What could happen to you after a seizure depends on what areas of the brain were affected. Here's what you need to know so you can be prepared and proactive.
Abnormal electrical activity in the brain leads to seizures. Afterward, any symptoms — headache, disorientation, fatigue or loss of bowel and bladder control — will depend on the areas of the brain that was affected. But there's the potential for other consequences, too.
When you or a loved one has a history of seizures, it’s important to take extra precautions when planning activities.
Talk with your doctor about your regular routine and planned recreational activities to see if there are safeguards that may offer protection. The National Institute of Neurological Disorders and Stroke (NINDS) recommends staying hydrated, avoiding overexertion and paying attention to blood sugar levels to help reduce your risk for seizures 2.
Read more: Early Warning Signs of a Seizure
Antiseizure Medication Side Effects
These drugs may be part of the treatment plan for preventing further episodes, but they can come with their own set of consequences. According to the NINDS, these include mood changes such as worsening (or improving) depression, allergic reactions, damage to liver or damage to bone marrow. Additionally, some antiseizure medications may make other drugs, such as contraceptives, less effective.
“Generally, the side effects are much less severe and much less common with the medications than with the seizures,” says Dr. Rider, “and there are many medicines with much fewer short-term and long-term side effects.” Work with your doctor to find the best options for you.
Depression and Anxiety
One in three people with epilepsy, a health condition associated with many types of seizure, experience some amount of depression, often with accompanying anxiety, according to NINDS. Let your doctor know if you’re not feeling like yourself. There are steps you can take to deal with feelings and symptoms of depression and anxiety.
Treatment is the same as it is for people who don’t have seizures — therapy and medication as needed. Joining a support group for people living with seizures may also help. You’ll meet others with similar experiences, and you may find the group to be a safe place to share your feelings as you navigate life with these emotions and the seizures themselves.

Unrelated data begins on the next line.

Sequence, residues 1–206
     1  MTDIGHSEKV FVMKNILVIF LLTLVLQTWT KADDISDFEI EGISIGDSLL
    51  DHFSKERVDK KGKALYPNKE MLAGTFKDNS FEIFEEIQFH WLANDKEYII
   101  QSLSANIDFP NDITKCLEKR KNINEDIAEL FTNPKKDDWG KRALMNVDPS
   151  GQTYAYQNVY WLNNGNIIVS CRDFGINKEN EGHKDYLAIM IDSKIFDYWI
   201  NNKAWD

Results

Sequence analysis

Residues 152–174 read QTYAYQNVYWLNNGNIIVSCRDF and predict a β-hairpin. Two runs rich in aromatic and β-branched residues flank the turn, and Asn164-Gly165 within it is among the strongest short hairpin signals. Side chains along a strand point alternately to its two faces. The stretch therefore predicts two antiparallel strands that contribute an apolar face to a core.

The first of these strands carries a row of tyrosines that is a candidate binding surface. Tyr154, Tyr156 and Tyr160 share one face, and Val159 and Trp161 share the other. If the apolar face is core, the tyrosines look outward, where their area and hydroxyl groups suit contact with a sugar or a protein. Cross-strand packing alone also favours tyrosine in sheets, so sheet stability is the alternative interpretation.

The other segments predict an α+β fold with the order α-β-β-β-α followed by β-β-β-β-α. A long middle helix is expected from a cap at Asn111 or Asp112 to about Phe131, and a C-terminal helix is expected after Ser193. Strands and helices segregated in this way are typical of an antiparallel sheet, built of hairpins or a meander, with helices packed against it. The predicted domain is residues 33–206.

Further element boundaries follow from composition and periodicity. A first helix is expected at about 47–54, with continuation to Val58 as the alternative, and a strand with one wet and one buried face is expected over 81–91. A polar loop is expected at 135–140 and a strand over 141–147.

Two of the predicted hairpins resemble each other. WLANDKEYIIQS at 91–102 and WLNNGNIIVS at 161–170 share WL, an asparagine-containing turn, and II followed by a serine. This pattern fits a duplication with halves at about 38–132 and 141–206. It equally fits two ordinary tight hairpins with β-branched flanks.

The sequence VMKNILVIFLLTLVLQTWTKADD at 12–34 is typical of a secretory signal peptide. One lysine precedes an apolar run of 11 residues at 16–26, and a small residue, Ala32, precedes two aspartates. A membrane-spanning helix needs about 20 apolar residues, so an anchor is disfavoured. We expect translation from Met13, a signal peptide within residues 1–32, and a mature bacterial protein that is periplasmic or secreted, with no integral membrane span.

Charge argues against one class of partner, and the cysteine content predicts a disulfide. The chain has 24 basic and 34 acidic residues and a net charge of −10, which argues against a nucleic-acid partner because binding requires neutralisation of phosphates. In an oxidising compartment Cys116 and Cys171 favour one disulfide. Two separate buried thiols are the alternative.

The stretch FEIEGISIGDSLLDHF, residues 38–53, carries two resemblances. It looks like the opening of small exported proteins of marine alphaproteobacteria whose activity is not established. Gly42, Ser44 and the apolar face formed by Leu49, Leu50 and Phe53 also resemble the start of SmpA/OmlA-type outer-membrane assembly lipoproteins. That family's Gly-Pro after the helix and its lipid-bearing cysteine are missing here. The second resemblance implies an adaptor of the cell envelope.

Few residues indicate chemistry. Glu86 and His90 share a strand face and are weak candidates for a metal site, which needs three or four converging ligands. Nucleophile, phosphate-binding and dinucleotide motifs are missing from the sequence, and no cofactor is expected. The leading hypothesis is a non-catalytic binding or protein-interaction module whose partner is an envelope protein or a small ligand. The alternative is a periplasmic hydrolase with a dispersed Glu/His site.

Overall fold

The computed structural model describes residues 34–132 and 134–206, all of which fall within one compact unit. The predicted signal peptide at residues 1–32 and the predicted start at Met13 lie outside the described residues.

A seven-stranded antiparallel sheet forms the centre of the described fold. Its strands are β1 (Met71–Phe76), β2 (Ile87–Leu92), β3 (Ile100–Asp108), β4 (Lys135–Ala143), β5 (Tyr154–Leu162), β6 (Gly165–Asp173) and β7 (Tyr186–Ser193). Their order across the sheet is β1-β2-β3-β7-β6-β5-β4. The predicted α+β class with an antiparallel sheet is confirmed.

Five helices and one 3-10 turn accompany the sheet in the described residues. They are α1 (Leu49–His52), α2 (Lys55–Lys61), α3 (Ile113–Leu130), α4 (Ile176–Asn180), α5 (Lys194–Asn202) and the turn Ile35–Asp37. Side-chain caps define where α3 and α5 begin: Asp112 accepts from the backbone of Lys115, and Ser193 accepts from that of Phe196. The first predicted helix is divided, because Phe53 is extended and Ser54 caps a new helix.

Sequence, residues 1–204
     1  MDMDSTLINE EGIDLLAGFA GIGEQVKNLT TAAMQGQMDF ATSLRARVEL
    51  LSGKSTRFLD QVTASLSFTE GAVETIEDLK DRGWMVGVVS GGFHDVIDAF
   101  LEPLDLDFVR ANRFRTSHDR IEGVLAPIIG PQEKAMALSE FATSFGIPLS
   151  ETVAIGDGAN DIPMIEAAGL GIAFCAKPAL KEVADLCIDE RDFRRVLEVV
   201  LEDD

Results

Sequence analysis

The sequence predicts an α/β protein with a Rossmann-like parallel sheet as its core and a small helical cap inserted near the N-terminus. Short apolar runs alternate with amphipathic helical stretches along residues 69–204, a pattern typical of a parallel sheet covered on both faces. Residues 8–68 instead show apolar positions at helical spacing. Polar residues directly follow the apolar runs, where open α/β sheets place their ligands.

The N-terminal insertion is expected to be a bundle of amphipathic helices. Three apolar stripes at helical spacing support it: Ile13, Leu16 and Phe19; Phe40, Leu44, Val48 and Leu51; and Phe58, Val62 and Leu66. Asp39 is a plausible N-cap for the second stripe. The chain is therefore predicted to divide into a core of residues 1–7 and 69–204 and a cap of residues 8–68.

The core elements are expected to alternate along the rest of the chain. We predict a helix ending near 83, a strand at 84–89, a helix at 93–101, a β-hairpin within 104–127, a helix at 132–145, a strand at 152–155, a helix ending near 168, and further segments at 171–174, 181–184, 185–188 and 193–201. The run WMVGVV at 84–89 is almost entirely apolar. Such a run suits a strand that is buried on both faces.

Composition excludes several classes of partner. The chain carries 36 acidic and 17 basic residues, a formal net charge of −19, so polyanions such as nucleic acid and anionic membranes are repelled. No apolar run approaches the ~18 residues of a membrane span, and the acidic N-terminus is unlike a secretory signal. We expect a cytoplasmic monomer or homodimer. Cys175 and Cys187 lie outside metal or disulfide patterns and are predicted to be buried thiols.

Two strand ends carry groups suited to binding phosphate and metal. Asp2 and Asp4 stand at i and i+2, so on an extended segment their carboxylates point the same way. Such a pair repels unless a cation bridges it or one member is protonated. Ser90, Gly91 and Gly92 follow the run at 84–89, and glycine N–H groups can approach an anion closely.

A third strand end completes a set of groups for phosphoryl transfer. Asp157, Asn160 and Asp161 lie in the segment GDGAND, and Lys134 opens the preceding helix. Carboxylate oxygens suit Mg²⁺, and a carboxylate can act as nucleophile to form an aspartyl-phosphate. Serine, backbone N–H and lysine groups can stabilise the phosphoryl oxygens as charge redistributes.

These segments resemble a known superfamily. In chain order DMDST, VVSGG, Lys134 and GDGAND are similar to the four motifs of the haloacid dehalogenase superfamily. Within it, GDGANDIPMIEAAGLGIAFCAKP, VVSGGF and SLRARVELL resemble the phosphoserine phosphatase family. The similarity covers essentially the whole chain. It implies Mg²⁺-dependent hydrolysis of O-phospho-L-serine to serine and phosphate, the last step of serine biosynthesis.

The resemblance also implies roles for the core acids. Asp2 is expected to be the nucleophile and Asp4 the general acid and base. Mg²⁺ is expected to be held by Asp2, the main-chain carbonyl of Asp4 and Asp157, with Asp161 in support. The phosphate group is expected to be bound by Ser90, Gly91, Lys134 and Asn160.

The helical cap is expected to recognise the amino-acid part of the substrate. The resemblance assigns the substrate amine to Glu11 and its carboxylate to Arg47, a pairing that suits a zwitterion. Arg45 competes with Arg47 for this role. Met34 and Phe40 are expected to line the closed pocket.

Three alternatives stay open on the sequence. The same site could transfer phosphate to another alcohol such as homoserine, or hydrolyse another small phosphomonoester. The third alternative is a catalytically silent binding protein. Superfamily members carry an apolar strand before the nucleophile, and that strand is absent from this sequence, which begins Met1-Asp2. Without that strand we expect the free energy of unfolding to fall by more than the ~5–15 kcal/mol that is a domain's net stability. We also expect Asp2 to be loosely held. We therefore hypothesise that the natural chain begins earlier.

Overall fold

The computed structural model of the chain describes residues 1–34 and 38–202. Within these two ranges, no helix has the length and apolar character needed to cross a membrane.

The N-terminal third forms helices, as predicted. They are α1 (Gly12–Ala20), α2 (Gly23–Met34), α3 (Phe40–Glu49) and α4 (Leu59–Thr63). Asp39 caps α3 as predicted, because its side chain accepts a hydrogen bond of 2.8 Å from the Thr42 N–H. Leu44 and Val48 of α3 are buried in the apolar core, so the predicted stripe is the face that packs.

A potentially life-threatening condition, status epilepticus is a prolonged seizure (lasting longer than five minutes) or a spate of recurring seizures from which you don’t fully regain consciousness between episodes, according to the NINDS. Such seizures may not resolve on their own, leading to brain injury, which is why immediate medical care is necessary, NINDS explains.
Symptoms of status epilepticus may be convulsions, but these seizures can also occur with no external signs. Nonconvulsive status epilepticus is diagnosed by an EEG and may involve an extended period of confusion, irritability or unconsciousness.
Read more: Seizure With Stroke Like Symptoms
Sudden Unexpected Death in Epilepsy (SUDEP)
“The most ominous side effect of seizures is death,” says Dr. Rider. “There is a seizure-related event called sudden unexpected death in epilepsy, or SUDEP. Patients undergoing active medicine treatment for their seizures, typically with medications, are at a much lower risk of this rare complication.”
Approximately one SUDEP death occurs for every 1,000 people with epilepsy, according to the NINDS. The causes of this phenomenon are not fully understood, but people with hard-to-control seizures appear to have a higher risk. Not taking medications as prescribed and drinking alcohol may also increase the risk for SUDEP.
Additionally, some people with epilepsy can have cardiac arrhythmias as a result of their seizures, notes Dr. Rider 3. According to a review published in the June 2015 issue of the Journal of Neurology, Neurosurgery & Psychiatry, certain types of arrhythmias, called postictal arrhythmias, which occur after convulsive seizures, are often associated with SUDEP 3.
Such seizures may not resolve on their own, leading to brain injury, which is why immediate medical care is necessary, NINDS explains. “If [a person has] a seizure and falls, they can have injury to any part of their body that can lead to permanent loss of function or impairment of functioning, such as a broken limb or spinal fracture,” explains Steven Rider, MD, a neurologist at the University of Tennessee Medical Center in Knoxville. A potentially life-threatening condition, status epilepticus is a prolonged seizure (lasting longer than five minutes) or a spate of recurring seizures from which you don’t fully regain consciousness between episodes, according to the NINDS.